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To see current market stories scroll down for up to the minute stories and news regarding the stock markets and the interest rate markets.  The following charts show the current Real Estate Trends for the Greater Sacramento Area.

Statistics are for the Greater Sacramento area including Sacramento, Yolo, Placer and Eldorado Counties

How Higher Priced Homes and Technology Killed Inflation:
It has long been the Federal Reserve's Policy to fight inflation by raising interest rates to slow consumers from spending too fast and causing inflation.  So you might ask why with housing prices rising to an almost unaffordable high that the Fed (the Federal Reserve) has not raised interest rates to combat such high housing prices.  Well, the answer might surprise you or it might just be so obvious that you slap your economic head and say wow that's right.  Inflation is a rise in prices of consumer goods and services over time given in a percentage of gain from month to month or year to year.  The rise in housing prices can and is quantified the same way, however, the big difference between goods and services and Housing prices is that consumers need the basics every month like food, consumer goods, and services from plumbers, electricians, etc., but consumers don't buy houses every month.  On average people stay in their housing for an average 5-7 years thus not being affected by housing prices until it is time to move.  In addition, when housing prices go up and people stay in their homes for an average of 5-7 years they end up realizing price gains on their existing home and this is called realized equity.  So when the prices of goods and services increase month to month consumers need the basic items to live so they will buy them realizing no equity as these items are consumed.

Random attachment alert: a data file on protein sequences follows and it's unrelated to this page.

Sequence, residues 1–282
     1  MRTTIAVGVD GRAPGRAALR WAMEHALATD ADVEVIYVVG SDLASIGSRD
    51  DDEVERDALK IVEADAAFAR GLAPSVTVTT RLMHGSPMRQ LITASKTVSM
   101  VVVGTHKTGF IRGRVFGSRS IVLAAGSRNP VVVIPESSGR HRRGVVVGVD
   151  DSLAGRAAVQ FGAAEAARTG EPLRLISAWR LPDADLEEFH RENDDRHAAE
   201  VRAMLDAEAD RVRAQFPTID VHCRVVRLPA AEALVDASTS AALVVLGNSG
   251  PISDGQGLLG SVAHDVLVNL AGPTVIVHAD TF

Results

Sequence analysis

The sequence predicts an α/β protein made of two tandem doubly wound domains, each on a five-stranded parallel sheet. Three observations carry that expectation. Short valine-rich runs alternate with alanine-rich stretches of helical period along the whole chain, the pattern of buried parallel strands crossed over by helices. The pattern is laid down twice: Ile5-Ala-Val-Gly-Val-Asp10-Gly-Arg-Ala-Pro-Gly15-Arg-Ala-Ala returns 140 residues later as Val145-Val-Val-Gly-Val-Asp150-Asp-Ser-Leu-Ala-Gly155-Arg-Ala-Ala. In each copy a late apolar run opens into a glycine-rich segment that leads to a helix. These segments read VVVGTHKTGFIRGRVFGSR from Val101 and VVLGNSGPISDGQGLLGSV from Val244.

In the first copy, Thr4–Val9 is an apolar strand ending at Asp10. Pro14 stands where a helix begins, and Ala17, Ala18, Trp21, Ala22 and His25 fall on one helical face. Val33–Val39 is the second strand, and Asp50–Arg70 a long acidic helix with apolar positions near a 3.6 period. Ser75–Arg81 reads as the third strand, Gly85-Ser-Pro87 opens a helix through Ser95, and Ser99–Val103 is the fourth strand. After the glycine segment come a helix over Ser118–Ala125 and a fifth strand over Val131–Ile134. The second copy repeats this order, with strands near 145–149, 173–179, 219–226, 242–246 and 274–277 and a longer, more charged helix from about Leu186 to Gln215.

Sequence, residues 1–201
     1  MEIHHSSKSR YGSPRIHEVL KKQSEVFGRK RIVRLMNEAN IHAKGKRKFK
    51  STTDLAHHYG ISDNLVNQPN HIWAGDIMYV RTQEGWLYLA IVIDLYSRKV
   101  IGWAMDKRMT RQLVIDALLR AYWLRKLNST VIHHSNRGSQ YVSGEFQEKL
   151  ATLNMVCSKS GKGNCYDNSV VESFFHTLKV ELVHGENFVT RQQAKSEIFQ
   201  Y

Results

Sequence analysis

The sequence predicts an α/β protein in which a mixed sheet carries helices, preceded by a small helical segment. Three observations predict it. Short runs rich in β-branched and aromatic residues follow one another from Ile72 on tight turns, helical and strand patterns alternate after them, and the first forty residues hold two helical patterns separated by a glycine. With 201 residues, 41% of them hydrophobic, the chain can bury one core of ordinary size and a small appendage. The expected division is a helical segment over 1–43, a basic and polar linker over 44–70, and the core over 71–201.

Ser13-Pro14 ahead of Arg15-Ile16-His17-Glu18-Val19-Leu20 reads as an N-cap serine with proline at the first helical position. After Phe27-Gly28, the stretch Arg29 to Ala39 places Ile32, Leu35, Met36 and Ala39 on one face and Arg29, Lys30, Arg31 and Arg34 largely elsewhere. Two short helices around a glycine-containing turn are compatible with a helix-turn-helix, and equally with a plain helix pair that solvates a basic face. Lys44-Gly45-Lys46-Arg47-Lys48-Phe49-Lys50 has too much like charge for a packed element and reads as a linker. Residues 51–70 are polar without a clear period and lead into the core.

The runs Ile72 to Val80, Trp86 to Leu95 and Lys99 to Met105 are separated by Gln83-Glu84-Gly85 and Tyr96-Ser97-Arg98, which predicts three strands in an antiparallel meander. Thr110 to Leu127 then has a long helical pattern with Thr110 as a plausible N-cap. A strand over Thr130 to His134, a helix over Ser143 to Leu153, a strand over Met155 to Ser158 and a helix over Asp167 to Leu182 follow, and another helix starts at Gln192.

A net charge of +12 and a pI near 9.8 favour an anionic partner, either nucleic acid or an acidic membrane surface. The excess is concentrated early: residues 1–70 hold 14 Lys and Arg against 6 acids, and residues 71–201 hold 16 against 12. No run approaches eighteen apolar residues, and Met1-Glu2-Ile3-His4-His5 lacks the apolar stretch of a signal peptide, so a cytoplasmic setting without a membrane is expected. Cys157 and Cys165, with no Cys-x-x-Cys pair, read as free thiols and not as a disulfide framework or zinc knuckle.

Household income plays a factor in inflation as well as the more money people make the more they tend to consume.  So if America on the average is making more money they will consume more creating a higher demand for goods and services thus prices will rise to offset the higher demand.  So why doesn't such high priced housing effect interest rates?  Simply put housing is not something consumed it is an asset that has trade value or equity.  In addition, people are not in need of purchasing housing every month or every year for that matter.